The 48-V power bus is the basis of distributed power architectures found in telecom and many computing applications. In these systems, ac-dc front ends convert line voltages down to 48 V dc for distribution among various pc boards in the system. Isolated dc-dc converters then generate the lower voltages required by logic, mixed-signal, and analog circuits. Distributing 48 V throughout the system, rather than the lower IC-level voltages, improves efficiency. In particular, it lowers I2R losses associated with busing high currents at low voltages.
Using isolated dc-dc converters to generate on-board voltages works well in cases of just one or two voltages. But in recent years, the number of voltage levels needed on boards has risen dramatically as new generations of chips were introduced with lower voltage requirements. In addition to the 5- and 3.3-V supplies, designers have to plan for supplies at different voltages that range down to 1 V.
Isolated converters developed initially for telecom offer different output voltages and power levels packaged in standard brick-style formats, including full, half, quarter, and the new eighth bricks. However, the inclusion of an isolation transformer adds to their cost and size. So, to generate the voltage range needed on-board, designers frequently turn to nonisolated, point-of-load (POL) dc-dc converters (often simply called POLs).
POLs, which are typically buck converters, may either be built by the system designer using ICs and discrete components, or purchased from power-supply merchants as functionally complete power modules. The latter typically specify operation from a 3.3-, 5-, or 12-V input and come packaged in SIP, DIP, or surface-mount modules. For a given voltage and current output, POLs cost much less than brick-style converters and usually take up much less board space. Also, they can be placed close to their loads, cutting down on I2R losses in the board and improving transient response.
For some time, it has been common for system designers to run POLs off the isolated 5- or 3.3-V bus. But with current requirements on the rise, some designers are opting to power POLs off of a higher voltage bus such as 12 V. This 12-V bus then becomes an intermediate voltage bus that powers all the POLs (Fig. 1).
Implementing a distributed power system with an intermediate voltage bus can potentially save pc-board real estate and overall cost. Other factors must also be considered in adopting an intermediate voltage bus. These include the power, efficiency, thermal-management, and noise requirements of the application.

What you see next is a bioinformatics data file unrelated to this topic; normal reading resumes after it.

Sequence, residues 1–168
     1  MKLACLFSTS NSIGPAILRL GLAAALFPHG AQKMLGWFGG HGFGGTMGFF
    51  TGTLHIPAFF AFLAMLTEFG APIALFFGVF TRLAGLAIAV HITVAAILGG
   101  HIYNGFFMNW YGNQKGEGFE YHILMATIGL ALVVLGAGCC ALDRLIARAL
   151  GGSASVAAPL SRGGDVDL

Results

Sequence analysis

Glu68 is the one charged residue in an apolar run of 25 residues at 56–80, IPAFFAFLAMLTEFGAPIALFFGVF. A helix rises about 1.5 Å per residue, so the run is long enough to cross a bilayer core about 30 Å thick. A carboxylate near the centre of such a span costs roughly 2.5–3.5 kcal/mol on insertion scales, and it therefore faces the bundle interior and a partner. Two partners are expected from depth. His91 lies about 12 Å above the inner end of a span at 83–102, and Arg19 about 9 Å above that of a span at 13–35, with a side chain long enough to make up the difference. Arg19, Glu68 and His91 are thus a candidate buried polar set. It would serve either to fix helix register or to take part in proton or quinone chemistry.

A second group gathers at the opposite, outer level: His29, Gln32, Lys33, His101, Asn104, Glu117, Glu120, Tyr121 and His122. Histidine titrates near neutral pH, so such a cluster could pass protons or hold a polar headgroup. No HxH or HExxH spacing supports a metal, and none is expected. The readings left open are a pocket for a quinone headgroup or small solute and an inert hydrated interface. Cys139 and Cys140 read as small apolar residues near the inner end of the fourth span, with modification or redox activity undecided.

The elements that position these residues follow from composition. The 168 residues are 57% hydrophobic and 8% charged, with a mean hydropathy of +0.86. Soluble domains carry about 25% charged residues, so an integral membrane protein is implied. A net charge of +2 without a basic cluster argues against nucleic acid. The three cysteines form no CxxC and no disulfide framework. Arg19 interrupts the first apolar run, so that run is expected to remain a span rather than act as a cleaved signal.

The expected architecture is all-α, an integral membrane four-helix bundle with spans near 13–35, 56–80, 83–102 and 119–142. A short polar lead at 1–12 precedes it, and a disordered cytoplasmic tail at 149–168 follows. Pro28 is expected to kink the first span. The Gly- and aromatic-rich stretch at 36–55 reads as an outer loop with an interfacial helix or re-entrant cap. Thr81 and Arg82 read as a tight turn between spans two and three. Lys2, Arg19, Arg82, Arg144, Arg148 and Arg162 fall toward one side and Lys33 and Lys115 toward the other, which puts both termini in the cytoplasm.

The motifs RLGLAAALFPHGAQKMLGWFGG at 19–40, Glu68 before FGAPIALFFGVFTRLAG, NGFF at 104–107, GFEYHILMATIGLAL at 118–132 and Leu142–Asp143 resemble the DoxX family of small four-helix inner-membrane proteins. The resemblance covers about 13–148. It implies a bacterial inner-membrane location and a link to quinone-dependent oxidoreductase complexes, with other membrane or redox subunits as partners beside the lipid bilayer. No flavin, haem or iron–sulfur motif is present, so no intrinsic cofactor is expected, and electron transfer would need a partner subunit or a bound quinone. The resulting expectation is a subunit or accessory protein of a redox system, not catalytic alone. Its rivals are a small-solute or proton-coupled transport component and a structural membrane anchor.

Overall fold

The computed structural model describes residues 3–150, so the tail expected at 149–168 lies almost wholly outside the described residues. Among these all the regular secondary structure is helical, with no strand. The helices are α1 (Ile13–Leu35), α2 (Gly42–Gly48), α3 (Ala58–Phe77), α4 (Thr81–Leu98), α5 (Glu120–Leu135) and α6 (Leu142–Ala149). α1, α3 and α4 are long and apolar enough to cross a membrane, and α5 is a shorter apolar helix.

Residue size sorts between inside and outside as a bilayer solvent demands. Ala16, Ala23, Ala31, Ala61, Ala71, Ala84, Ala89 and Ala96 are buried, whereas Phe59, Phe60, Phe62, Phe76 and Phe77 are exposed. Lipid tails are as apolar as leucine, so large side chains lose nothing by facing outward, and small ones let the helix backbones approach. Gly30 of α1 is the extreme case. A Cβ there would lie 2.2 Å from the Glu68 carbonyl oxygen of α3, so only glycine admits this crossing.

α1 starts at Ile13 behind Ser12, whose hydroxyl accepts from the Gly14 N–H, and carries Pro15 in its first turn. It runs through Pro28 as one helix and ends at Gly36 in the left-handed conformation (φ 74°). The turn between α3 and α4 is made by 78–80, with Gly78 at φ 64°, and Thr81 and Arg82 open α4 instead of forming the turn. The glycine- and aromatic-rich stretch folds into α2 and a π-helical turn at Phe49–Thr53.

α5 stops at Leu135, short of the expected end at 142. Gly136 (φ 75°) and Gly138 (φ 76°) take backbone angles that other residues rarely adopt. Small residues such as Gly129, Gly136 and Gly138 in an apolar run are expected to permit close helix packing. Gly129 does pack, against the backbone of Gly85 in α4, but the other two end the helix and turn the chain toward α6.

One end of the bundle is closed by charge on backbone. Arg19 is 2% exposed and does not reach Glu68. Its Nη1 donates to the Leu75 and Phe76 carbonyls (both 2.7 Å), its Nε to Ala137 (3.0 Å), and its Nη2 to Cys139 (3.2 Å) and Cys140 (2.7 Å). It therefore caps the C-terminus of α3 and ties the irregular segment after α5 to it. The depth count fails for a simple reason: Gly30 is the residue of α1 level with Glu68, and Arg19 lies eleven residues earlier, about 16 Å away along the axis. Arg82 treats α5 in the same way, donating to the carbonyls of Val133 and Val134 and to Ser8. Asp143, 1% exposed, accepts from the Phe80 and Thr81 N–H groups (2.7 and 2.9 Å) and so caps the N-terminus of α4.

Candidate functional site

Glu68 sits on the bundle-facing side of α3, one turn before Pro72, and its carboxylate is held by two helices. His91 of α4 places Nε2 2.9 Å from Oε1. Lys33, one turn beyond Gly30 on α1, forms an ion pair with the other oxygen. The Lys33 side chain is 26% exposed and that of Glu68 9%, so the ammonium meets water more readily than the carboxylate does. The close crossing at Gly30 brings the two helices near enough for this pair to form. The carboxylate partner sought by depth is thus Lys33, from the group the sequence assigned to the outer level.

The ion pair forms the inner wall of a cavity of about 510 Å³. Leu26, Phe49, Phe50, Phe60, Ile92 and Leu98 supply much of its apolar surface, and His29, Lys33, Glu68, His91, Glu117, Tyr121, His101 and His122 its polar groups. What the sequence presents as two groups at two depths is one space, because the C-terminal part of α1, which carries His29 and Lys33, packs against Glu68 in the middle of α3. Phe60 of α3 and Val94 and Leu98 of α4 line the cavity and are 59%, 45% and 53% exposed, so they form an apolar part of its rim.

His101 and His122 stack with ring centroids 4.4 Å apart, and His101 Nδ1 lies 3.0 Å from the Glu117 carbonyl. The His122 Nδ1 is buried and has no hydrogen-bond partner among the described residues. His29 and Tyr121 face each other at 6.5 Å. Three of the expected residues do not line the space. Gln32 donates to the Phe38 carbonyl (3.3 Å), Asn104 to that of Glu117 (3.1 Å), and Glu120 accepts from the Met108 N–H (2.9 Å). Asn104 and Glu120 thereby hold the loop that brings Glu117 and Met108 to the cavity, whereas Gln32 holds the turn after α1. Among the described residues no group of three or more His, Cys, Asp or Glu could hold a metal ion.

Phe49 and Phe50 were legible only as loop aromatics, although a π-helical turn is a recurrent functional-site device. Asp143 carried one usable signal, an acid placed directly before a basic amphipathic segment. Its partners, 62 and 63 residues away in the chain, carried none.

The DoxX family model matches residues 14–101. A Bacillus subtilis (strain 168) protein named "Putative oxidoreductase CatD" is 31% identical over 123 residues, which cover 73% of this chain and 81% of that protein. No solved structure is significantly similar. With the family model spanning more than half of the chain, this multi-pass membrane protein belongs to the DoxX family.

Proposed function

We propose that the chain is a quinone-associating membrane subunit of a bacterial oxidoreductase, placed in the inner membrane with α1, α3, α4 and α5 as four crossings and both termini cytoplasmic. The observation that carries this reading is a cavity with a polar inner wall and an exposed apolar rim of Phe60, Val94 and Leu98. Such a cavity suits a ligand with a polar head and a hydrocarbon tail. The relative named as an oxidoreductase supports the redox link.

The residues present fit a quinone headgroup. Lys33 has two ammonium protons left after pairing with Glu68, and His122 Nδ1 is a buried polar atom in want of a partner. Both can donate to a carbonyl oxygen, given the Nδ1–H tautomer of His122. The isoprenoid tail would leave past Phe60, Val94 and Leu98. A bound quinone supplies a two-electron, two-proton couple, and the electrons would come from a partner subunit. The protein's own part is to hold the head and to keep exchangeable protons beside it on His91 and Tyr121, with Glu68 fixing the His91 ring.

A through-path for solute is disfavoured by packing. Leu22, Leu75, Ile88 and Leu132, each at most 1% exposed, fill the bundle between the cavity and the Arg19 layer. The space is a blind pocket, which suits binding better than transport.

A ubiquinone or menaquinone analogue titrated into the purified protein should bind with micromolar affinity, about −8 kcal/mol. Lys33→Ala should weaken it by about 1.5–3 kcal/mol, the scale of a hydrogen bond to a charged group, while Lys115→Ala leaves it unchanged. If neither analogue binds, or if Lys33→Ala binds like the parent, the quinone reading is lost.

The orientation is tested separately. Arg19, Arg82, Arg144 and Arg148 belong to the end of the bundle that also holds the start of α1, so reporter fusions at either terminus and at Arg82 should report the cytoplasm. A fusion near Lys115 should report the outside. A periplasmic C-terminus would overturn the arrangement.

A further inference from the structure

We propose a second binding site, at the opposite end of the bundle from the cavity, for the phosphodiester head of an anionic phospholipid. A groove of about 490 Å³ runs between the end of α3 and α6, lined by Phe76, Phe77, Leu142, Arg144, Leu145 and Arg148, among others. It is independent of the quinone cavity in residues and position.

The intermediate voltage bus must provide isolation, but its regulation isn't critical because the POL outputs are regulated. While telecom equipment maintains a need for a wide input-voltage range (35 to 72 V, necessary for battery backup), enterprise equipment like servers, which also run off 48 V, can operate from a much narrower input-voltage range.
Power-supply manufacturers are exploiting these factors to develop bus converters that provide isolation with higher power levels and higher efficiency at lower costs than their counterparts among the standard telecom bricks. At the same time, vendors are developing more powerful POLs to help optimize the implementation of intermediate voltage bus architectures.
Tradeoffs: System cost counts heavily in the decision to add an intermediate voltage bus to a distributed power system. POLs are considerably cheaper than isolated brick-style converters. So changing from a distributed power scheme that relies solely on half-brick, quarter-brick, or eighth-brick dc-dc converters to generate the board-level voltages will reduce costs as the designer pays for isolation just once.
Moreover, the cost savings increase as the number of output voltages rises. The intermediate voltage bus architecture might become cost-effective with only four voltages on board. Yet, converter costs must be weighed against the necessary current levels. As the current per output rises, the number of POLs per output may grow, adding cost that could offset the savings accrued from using fewer isolated converters (Fig. 2).
However, savings accomplished by using an intermediate voltage bus aren't limited merely to the reduced costs of the converters. They also include savings in the overall system cost—for instance, reduced board space. These savings can be significant, particularly when the board in question may have as many as 20 layers. There can also be reductions in the amount of copper or number of metal layers needed to distribute power across a pc board. For certain applications, less copper could mean lower overall cost.
Another component of this expense is how the POLs are implemented, whether by ICs and discrete components assembled on the customer's board, or as functionally complete dc-dc converter modules purchased from the power-supply merchants. There's little argument that the bill-of-materials cost for a simple buck regulator built around parts from the established IC vendors will be less than a purchased SIP or DIP converter module.